The first story arc by Dan Slott and Valerio Schiti wraps up here.
Dan Slott’s first story arc on Iron Man comes to a close today, punctuating a tech-heavy take on the character. Customary of Slott, the series has looked at being human and integrating social aspects into the tech-centric storytelling. In this fourth chapter dating apps are weaved into an already chaotic world.
So what’s it about?
The official summary reads:
STUNG! You wanted to know who the book’s love interest is going to be? Here you go. The one, the only…Janet Van Dyne! A love not seen since AVENGERS #224 is about to be rekindled. And what’s going on with Sunset Bain’s new dating app? Some of these online matches are just a little too good to be true… Rated T
Why does this matter?
This series has built off the return of Tony Stark after he literally recreated himself. That has given this a fresh start feel, since the character can change while shedding any baggage of previous stories. New readers can also jump in since a cast of characters never before seen in an Iron Man comic are on full display.
Fine, you have my attention. What’s good about it?
This issue is all about romance on a few different levels with the main one being a new dating service and the calamity that occurs when it all falls to pieces. While this is happening, Tony Stark has sparks flying with multiple characters, his mother sees the value in dating again, and a lot of people learn the hard way if it’s too good to be true it probably is. This is a good end to the first arc since it builds up a romantic relationship for Tony you may not see coming. This sets up the next arc nicely, as most of the pieces are in place for Slott to go ham next arc.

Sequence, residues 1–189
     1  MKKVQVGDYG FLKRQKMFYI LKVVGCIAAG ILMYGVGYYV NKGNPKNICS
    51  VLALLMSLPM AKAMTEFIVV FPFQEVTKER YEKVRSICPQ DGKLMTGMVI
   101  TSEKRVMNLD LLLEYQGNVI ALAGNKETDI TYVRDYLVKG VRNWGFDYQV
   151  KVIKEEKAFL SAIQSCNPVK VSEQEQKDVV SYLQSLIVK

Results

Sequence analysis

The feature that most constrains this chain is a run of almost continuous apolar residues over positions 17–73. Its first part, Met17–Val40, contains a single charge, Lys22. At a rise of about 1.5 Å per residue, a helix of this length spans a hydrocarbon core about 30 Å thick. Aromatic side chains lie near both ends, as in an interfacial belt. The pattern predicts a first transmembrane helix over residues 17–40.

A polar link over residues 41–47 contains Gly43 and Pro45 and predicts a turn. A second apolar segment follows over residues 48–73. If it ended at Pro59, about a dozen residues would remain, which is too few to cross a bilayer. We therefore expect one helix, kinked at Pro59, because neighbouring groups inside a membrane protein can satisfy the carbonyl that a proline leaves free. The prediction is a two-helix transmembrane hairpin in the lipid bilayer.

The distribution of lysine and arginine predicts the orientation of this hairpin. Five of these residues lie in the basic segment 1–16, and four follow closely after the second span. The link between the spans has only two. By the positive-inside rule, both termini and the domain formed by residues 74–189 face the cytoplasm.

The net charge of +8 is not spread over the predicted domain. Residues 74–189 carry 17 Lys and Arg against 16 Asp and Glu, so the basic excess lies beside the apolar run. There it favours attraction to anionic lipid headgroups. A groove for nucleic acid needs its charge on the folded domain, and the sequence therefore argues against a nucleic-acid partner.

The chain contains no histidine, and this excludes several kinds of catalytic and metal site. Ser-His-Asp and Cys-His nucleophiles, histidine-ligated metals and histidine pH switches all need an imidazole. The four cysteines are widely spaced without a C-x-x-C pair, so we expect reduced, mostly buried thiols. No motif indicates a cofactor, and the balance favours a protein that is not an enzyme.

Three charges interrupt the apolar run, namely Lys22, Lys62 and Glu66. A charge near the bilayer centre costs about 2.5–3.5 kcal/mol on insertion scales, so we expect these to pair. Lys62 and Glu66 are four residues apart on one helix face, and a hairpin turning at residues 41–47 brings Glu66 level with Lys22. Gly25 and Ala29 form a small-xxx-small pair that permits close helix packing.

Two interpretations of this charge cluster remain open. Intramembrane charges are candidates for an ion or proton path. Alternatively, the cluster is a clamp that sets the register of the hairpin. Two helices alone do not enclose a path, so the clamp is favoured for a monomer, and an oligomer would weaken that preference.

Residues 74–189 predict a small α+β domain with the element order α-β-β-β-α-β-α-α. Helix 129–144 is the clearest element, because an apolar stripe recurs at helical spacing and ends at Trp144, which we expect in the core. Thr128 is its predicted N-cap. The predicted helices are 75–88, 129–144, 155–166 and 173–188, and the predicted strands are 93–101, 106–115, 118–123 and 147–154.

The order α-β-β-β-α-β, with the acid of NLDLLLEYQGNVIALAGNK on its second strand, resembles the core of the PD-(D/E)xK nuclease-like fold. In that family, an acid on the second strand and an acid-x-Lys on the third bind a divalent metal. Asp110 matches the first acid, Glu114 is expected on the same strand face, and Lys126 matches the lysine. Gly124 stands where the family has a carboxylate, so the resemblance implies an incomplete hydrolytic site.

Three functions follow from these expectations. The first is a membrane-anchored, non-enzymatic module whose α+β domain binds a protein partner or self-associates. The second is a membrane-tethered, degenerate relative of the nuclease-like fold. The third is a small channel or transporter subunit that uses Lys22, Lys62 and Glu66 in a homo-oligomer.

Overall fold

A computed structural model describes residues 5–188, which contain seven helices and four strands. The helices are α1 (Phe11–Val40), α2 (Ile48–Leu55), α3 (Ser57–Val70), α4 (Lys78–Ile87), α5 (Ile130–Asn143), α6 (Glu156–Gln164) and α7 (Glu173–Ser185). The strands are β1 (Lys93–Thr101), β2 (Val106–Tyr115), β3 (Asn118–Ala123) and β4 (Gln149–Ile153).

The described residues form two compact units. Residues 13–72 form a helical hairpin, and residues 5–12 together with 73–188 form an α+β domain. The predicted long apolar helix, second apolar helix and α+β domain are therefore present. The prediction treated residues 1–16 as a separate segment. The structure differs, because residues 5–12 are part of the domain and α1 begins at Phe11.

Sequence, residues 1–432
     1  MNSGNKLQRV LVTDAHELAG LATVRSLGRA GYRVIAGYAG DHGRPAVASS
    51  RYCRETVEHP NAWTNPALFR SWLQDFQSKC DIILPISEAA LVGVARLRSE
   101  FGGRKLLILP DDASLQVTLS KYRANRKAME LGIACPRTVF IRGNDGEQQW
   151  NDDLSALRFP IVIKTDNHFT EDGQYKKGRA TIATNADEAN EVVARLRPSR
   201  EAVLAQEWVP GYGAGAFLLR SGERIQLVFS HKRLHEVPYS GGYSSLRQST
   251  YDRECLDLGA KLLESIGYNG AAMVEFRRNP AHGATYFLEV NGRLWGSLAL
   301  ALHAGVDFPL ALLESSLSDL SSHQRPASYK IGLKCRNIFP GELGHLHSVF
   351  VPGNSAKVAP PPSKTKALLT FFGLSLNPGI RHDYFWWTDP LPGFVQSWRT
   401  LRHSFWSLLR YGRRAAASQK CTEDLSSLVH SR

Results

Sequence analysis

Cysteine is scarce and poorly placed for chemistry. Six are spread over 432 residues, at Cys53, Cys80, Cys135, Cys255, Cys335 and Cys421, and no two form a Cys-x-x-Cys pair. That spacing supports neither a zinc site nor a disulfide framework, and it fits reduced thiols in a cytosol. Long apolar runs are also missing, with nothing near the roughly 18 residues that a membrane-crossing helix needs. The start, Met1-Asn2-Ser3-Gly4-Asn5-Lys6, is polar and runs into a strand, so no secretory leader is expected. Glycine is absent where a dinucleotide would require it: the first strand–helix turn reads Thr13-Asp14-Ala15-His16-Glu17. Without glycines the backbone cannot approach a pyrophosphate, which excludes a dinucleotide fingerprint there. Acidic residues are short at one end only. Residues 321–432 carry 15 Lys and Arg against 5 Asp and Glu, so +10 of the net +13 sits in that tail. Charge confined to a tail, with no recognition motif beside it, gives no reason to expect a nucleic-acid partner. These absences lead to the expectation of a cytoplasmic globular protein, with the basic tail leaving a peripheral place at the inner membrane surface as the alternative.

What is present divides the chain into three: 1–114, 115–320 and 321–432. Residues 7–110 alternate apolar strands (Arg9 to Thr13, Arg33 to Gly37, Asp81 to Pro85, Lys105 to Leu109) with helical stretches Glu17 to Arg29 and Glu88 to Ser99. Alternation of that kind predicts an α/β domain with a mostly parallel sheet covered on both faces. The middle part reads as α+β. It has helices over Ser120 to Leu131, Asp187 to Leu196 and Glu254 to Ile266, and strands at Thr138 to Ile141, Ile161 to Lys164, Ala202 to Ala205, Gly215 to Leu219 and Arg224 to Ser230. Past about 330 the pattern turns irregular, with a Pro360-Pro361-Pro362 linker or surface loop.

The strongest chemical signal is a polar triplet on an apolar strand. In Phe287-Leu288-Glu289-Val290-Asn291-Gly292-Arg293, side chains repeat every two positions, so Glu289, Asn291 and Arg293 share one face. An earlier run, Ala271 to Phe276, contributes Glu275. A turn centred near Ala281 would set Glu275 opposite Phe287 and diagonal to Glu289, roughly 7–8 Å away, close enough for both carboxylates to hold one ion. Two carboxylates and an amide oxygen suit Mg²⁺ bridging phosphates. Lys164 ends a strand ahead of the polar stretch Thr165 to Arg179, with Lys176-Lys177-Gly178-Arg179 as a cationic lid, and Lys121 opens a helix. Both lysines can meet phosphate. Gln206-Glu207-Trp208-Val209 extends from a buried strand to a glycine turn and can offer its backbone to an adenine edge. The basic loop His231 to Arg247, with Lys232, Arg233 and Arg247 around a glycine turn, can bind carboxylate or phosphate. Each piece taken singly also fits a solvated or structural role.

This issue is punctuated once again by the interesting dynamics of robot ethics. Jocasta continues to be the HR for robots so to speak and her role continues even when an entire swarm of robots is attempting to kill everyone. Slott does a good job resolving this with a clever “superpower” of Tony’s that should make most at least smirk. Her relationship with Tony gets an interesting twist this issue too that takes place in a clever scene involving the two sharing brains. It’s the kind of scene that has the originality and cleverness that you hope it’ll end up in a movie someday.
Drawn by Valerio Schiti with color by Edgar Delgado, the art continues to have a grounded, appealing look that somehow contains all the color and creativity of the tech as it progresses. Schiti manages to stuff a few iconic love story moments from cinema into this issue — like Ferris Bueller’s Day Off, to name one — and that adds a level of romanticism to the book. There’s also a rather cool Transformer-like costume Iron Man sports that’s quite cool, as well as other creative touches (like the dating app logo) that remind us Schiti is capable of many different types of art.
It can’t be perfect can it?
The relationship Tony builds comes way too easily, especially given the history of the characters. I’m all for it, don’t get me wrong, but when the issue ends it seems like we’ve slingshotted everything months into the relationship rather than a day or two. Aside from physical attraction there isn’t much done to show their connection has any meat to it. Speaking of which, a lot of the romance in this issue appear to be merely lust, further putting into question what is really going on. I think if this story had another issue to develop it could have been stronger with its deeper meaning, but as it stands it’s very superficial. Then again, maybe that’s the point given how things end up.
Is it good?
A good issue that punctuates Dan Slott and Valerio Schiti’s first arc on their fresh start take on the character. This series has been full of great ideas involving technology and it’s safe to say it has made a strong statement.